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Estate Planning

Estate planning involves deciding and setting forth how you want your assets distributed after death, how your assets should be managed if you become unable to make your own decisions with regard to financial matters, and how your health care and personal matters should be managed if you become unable to make such decisions. Your estate plan would name one or more individuals (or corporate fiduciaries) that you wish to: (a) make financial decisions on your behalf in the event of your incapacity, (b) make health-care related decisions on your behalf in the event of your incapacity; (c) manage and distribute your assets after death, and (d) take custody and care of your minor children, if any, after death. Certain estate plans may also be able to avoid the costs and delays of formal probate of your estate, minimize the amount of Federal and State estate taxes due after death, and set up trusts for certain beneficiaries (e.g., minor beneficiaries; special needs beneficiaries; or beneficiaries with special issues such as addiction or over-spending) after your death. Without an appropriate estate plan:

  • your estate may pass to unintended beneficiaries pursuant to Illinois’s intestacy statute (e.g., your probate assets may pass one-half to your surviving spouse and one-half to your children rather than 100% to your surviving spouse; your probate assets may pass to certain estranged relatives; your probate assets may pass to certain relatives rather than to your domestic partner);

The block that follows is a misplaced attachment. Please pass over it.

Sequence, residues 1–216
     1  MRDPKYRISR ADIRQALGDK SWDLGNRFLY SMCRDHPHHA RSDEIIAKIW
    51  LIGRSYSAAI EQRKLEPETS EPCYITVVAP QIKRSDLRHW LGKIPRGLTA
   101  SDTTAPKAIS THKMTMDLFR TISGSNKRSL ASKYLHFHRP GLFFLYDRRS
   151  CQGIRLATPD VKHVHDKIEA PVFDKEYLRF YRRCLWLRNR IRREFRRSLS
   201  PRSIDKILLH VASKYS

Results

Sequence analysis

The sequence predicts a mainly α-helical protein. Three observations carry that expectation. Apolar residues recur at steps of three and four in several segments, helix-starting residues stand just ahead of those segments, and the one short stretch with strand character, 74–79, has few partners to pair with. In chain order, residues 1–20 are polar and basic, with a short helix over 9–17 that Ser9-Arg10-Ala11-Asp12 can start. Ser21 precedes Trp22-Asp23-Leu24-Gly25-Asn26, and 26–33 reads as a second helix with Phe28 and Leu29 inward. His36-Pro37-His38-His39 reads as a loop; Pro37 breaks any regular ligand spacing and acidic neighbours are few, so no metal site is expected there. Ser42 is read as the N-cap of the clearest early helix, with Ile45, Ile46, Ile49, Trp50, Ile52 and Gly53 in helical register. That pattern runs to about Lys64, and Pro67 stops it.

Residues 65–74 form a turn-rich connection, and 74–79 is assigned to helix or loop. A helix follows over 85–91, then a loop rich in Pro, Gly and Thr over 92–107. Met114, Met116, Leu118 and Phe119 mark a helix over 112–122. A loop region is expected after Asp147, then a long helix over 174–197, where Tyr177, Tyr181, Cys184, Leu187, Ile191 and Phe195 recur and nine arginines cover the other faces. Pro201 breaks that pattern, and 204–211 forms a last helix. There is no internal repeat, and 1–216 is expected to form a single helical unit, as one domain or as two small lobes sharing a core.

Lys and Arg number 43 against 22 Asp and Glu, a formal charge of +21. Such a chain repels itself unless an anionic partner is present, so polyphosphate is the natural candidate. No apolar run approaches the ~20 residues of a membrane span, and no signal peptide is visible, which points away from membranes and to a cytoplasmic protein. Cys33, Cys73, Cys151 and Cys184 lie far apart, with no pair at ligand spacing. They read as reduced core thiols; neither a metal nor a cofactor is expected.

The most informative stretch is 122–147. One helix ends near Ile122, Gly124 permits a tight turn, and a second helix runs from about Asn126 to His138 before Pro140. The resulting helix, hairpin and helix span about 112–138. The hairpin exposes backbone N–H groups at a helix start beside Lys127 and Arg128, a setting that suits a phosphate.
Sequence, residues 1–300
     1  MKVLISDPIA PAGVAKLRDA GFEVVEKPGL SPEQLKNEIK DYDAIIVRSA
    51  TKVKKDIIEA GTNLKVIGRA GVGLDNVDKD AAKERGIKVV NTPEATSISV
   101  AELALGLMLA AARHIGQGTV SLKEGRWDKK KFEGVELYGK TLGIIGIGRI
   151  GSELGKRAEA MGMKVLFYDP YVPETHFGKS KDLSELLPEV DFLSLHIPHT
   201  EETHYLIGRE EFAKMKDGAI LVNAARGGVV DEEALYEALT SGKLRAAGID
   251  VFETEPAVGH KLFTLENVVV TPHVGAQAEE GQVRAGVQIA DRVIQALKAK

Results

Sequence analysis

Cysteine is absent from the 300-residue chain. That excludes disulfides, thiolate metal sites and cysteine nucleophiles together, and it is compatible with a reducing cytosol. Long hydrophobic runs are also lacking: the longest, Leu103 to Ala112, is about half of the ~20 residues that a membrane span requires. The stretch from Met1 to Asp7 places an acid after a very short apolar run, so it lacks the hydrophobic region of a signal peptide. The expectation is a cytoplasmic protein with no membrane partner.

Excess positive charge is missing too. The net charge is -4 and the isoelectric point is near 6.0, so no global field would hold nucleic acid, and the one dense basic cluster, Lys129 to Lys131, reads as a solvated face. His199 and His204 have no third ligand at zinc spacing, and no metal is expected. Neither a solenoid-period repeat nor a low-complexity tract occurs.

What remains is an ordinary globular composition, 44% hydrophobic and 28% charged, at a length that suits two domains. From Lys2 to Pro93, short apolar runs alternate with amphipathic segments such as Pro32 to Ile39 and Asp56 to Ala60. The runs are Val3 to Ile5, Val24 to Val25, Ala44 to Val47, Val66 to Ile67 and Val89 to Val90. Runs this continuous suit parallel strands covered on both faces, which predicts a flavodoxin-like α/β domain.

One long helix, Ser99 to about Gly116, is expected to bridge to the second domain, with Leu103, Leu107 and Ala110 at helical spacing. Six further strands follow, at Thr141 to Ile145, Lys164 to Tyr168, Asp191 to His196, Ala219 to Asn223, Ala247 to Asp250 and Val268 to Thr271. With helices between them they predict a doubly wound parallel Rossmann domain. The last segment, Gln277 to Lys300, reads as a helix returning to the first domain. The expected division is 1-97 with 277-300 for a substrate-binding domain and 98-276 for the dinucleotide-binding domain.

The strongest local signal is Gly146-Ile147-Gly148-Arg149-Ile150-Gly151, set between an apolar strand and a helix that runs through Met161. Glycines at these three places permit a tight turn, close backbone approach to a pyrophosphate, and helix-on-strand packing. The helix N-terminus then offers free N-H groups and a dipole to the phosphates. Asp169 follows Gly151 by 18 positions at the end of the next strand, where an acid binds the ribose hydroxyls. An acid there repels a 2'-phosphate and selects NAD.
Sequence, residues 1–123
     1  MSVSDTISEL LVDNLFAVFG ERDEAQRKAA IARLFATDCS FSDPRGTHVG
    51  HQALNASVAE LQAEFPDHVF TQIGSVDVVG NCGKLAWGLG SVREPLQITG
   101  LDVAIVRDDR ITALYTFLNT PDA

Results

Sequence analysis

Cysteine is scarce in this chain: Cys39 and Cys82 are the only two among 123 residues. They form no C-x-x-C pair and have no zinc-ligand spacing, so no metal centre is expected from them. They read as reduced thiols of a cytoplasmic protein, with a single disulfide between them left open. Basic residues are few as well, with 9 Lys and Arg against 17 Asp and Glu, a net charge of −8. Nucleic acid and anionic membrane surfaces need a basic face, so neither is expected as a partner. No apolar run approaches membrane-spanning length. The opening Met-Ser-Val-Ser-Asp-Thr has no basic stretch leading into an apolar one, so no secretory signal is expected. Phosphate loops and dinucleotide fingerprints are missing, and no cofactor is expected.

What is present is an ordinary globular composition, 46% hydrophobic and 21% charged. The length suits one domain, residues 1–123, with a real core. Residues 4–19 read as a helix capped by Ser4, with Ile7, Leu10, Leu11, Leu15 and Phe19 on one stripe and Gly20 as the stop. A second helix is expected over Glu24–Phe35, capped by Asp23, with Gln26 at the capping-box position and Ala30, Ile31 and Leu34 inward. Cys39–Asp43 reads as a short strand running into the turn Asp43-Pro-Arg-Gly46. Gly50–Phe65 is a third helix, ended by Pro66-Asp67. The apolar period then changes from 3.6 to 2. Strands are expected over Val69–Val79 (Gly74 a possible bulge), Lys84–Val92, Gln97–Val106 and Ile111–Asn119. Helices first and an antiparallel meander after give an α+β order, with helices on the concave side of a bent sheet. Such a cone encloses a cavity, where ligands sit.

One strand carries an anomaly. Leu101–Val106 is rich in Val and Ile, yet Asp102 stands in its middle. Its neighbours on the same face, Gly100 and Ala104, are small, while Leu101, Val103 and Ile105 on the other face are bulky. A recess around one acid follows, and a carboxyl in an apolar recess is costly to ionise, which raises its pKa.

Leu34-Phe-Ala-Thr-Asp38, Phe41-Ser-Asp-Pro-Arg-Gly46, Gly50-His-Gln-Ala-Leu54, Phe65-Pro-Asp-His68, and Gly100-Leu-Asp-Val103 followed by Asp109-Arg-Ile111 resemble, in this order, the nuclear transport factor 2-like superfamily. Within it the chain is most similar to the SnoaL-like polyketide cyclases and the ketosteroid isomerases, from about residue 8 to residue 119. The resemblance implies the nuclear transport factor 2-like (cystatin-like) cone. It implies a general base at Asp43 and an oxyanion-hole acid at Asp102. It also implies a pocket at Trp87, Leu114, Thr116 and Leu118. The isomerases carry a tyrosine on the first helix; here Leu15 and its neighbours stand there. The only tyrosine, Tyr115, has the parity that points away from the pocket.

• your estate may pass outright to your beneficiaries with unintended consequences (e.g., outright to minor children which would then require formal guardianship court proceedings for that child; outright to a special needs beneficiary which may disqualify that beneficiary from receiving public benefits);
  • you may end up with an undesired individual (e.g., estranged relative or unqualified individual) handling your financial and health care matters or caring for your minor children;
  • your estate may incur the significant costs and delays of formal guardianship court proceedings in the event of your incapacity; and
  • your estate may incur the significant costs and delays of formal probate court proceedings (or even multi-state probate proceedings if you own out-of-state real estate) after death.

FMS Law Group LLC can assist in the development of an appropriate estate plan based upon your specific wishes, family situation, and net worth in order to provide for the smoothest, most cost-efficient transition for your family and other beneficiaries in the event of death or disability.

While self-prepared estate plans have become more popular and accessible on the Internet, a self-prepared estate plan can result in many pitfalls, such as a document that is not executed with the property formalities required by State law, ambiguities in the language, and improperly funded living trusts, all of which may result in significant costs and delays to resolve those issues and may even negate the goals of your planning efforts. Consider it an investment to have one of the attorneys at FMS Law Group assist you with an estate plan. A properly prepared and funded estate plan could save you and your intended beneficiaries thousands of dollars and eliminate many of the headaches and delays of litigation for your beneficiaries.

If you do not have an attorney who can assist you with your estate plan, one of our attorneys would be happy to meet with you for a free initial consultation. If you already have existing estate planning documents, we can also review them for you and recommend any necessary changes, especially given any of one or more of the following changes that may have occurred since you initially created your estate plan:

  • the birth of a potential beneficiary;
  • the death of a named beneficiary or fiduciary;
  • you have divorced and/or remarried;
  • you have had a falling out with certain family members or friends;
  • you moved to Illinois from out of state;
  • you received an inheritance;
  • you now have a beneficiary with special needs who is receiving public benefits;
  • business changes; or
  • tax law changes.